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[Noah Feldman] US Supreme Court on tribal rightsBy Korea Herald
Published : June 21, 2023 - 05:27
Justice Amy Coney Barrett’s majority opinion for the Supreme Court in Haaland v. Brackeen is conservative in the good, old-fashioned sense of the word. In upholding the Indian Child Welfare Act, the court reaffirmed precedent and declined an invitation to revolutionize the law with a reactionary constitutional holding. Along the way, Barrett demonstrated a style of doctrinal confidence and aphoristic clarity reminiscent of her old boss, Justice Antonin Scalia. The opinion marks a step in her bid to inherit Scalia’s role as the leading conservative voice on the court.
Meanwhile, in a separate concurrence joined by the court’s two most liberal members, Justice Neil Gorsuch continued his laudable effort to tell the truth about the history of US oppression of Native Americans in the court’s official records, known as the US Reports.
The conservative judicial revolution isn’t over, not by a long shot. Expect further conservative activism in the days to come. And Justice Brett Kavanaugh wrote separately to suggest that the court might still in the future strike down some of ICWA’s key provisions as violating the equal protection clause.
Nonetheless, the decision in Haaland v. Brackeen can tell you something about what a sane conservative court could look like.
The provisions of the ICWA at stake in the case essentially require that, when a Native American child needs an adoptive placement, the state court considering the issue place the child with an Indian family member if possible, or failing that, with a fellow tribal member or at least an American Indian. A non-Indian family is the final resort.
As Gorsuch pointed out, the law, enacted in 1978, was designed as a very partial repair to the terrible history of Native American children being forcibly taken from their families. The practice started in the 19th century with mass placement of Native kids in boarding schools designed to rob them of their culture, and continued through the 1970s with forcible legal separations -- and adoptions by White parents -- that were thinly justified by the excuse that children would be better off if taken from their parents.
The parties in the Brackeen case challenged the adoption provisions of ICWA in two ways: by claiming that the law was outside Congress’ constitutional authority to pass in the first place; and by asserting that the law is racially discriminatory in that it treats Native American children differently from White children and Native American adoptive parents differently from White adoptive parents.
Barrett firmly rejected the notion that Congress lacked the power to legislate for the welfare of Native American children. Relying on caselaw, Barrett wrote that Congress’ power in the field was “muscular,” subject only to the limitations placed by the Constitution. (In a Scalian touch, she quipped that “like the rest of its legislative powers,” Congress’ authority “must derive from the Constitution, not the atmosphere.”)
Responding to the suggestion that family law is always a matter for states, not the federal government, Barrett called the argument “a non-starter,” noting that “the Constitution does not erect a firewall around family law.” And as to the claim that Congress can legislate with regard to American Indians collectively but not individually? A “dead-end” -- because of contrary precedent.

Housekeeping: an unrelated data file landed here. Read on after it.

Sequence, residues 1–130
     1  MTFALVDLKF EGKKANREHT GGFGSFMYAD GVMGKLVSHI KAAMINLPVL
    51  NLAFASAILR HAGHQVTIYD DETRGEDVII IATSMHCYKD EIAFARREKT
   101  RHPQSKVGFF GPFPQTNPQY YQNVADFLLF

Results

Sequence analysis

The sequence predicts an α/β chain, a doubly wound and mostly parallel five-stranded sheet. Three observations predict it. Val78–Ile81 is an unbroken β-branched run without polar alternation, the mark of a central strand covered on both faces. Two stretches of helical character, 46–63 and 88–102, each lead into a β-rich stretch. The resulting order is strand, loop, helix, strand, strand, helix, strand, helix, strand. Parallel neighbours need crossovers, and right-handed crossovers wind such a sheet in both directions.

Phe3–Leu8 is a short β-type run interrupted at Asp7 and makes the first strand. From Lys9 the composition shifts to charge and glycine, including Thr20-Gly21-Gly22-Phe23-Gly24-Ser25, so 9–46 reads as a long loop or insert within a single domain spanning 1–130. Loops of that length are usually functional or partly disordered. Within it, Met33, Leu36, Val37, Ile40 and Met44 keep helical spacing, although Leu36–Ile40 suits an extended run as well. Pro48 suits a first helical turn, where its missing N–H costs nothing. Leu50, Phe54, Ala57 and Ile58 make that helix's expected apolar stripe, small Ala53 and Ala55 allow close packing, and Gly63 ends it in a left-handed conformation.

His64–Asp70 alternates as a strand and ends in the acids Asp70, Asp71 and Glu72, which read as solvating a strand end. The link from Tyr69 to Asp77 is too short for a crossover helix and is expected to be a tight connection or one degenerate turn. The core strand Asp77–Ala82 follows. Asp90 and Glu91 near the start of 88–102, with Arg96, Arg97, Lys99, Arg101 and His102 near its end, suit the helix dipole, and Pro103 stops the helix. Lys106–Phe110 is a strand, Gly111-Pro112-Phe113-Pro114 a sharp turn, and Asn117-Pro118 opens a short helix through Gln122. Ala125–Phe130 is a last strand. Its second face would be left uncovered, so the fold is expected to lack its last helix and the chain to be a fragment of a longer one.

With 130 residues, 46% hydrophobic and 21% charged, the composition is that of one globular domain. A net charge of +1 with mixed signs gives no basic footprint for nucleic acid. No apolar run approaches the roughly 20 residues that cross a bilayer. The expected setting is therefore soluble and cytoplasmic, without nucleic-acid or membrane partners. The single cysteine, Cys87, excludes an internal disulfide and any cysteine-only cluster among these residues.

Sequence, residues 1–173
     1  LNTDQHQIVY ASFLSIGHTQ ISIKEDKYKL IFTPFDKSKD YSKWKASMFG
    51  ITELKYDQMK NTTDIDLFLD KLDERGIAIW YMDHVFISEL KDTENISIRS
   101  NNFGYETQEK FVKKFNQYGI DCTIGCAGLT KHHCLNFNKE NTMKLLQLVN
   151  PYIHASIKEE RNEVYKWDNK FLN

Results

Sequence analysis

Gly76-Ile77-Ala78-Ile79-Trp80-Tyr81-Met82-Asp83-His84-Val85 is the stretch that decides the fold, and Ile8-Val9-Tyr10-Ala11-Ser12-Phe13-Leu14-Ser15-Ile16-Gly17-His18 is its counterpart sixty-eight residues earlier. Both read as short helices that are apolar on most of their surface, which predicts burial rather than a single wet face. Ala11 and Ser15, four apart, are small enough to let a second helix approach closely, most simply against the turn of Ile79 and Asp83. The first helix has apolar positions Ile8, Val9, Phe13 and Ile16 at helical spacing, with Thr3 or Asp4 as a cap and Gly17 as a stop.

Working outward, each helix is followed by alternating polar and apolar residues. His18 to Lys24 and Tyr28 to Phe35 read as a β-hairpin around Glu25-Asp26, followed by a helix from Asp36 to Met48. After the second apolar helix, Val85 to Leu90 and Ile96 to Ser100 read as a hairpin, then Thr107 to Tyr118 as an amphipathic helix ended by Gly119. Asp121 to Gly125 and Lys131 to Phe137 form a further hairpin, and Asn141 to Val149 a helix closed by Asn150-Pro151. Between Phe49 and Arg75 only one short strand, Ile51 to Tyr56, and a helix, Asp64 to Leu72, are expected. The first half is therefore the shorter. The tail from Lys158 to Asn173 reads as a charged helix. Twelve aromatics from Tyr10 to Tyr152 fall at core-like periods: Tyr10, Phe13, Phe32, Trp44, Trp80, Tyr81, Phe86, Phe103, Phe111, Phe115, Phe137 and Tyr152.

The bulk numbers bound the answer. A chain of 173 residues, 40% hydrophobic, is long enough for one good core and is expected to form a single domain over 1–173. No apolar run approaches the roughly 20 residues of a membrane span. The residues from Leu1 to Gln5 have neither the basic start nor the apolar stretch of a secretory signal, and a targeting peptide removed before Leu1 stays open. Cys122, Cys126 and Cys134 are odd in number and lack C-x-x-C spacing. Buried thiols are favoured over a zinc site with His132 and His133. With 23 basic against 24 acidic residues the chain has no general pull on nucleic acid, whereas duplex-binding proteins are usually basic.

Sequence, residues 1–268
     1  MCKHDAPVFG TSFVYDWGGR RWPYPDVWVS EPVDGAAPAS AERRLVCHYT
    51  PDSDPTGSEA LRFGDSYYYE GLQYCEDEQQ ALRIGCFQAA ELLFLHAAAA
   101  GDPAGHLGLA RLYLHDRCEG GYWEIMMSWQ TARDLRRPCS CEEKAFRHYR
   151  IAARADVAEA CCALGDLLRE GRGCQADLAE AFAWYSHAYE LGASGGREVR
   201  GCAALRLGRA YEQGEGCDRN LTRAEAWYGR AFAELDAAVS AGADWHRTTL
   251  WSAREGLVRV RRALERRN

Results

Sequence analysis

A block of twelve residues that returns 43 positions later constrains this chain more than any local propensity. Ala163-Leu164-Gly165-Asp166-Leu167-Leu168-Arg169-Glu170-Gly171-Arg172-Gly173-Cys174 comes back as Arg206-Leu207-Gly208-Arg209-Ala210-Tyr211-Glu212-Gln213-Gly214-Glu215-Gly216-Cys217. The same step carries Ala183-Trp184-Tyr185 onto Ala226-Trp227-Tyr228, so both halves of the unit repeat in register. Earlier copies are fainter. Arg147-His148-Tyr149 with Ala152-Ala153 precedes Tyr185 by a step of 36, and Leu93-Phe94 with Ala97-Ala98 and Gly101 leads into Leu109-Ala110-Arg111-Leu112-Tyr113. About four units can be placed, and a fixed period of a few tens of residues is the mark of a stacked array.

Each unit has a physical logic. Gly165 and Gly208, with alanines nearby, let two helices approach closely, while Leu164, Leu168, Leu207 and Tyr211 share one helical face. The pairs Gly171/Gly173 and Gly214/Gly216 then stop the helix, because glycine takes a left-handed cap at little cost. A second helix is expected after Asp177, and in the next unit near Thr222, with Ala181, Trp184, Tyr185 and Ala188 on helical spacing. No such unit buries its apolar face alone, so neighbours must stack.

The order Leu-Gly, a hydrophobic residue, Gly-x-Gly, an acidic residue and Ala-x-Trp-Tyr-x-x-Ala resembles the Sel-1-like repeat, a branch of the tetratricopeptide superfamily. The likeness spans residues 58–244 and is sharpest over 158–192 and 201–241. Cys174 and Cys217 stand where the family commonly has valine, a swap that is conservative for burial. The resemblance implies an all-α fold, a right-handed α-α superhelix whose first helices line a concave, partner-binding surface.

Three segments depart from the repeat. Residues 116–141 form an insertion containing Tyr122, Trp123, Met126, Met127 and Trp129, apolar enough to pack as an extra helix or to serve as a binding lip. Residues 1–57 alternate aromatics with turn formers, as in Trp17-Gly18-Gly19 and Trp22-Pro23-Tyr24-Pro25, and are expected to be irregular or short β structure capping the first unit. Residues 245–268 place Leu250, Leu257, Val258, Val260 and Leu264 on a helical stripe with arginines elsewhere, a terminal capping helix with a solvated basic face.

In a particularly sharp retort to the parties who wanted to limit Congress’ power, Barrett made short shrift of their claim that state-run family courts could not be made to obey federal law. “This argument runs headlong into the Constitution,” she wrote, citing the supremacy clause of the Constitution. “End of story.”
When it came to the potentially most revolutionary aspect of the case, the argument that ICWA racially discriminates in violation of equal protection, Barrett declined to address the issue. Instead, the court held that the parties lacked standing to raise the issue on technical grounds.
The effect was to leave the issue for another day, provided four justices (the number required for the court to take a case) are ever prepared to take it up. Kavanaugh’s concurrence signals he would vote to consider it. But Gorsuch’s hints he would not -- which means it would be up to Barrett or Chief Justice Roberts to provide the third and fourth votes alongside Justices Clarence Thomas and Samuel Alito.
That might not happen. In this opinion, Barrett, who has adopted kids of her own (as does Roberts), showed legal mastery, common sense and judicial flair -- as well as respect for the basic, precedent-based structure of the relationship between the federal government, the tribes and the states.
The court’s conservative judicial revolution is ongoing, and I expect to see more radical decisions on issues like abortion, affirmative action, the environment and church and state. But the Brackeen case offers a glimpse of what can happen when the conservative Gorsuch is guided by his heart and the conservative Barrett is guided by traditional conservative legal values like judicial restraint.
The practical takeaway is that ICWA is safe for now, and potentially for a long time to come. That’s good news for tribes -- and for the legal continuity that comes from respecting precedent.
Noah Feldman is a Bloomberg Opinion columnist and a professor of law at Harvard University. -- Ed.
(Tribune Content Agency)
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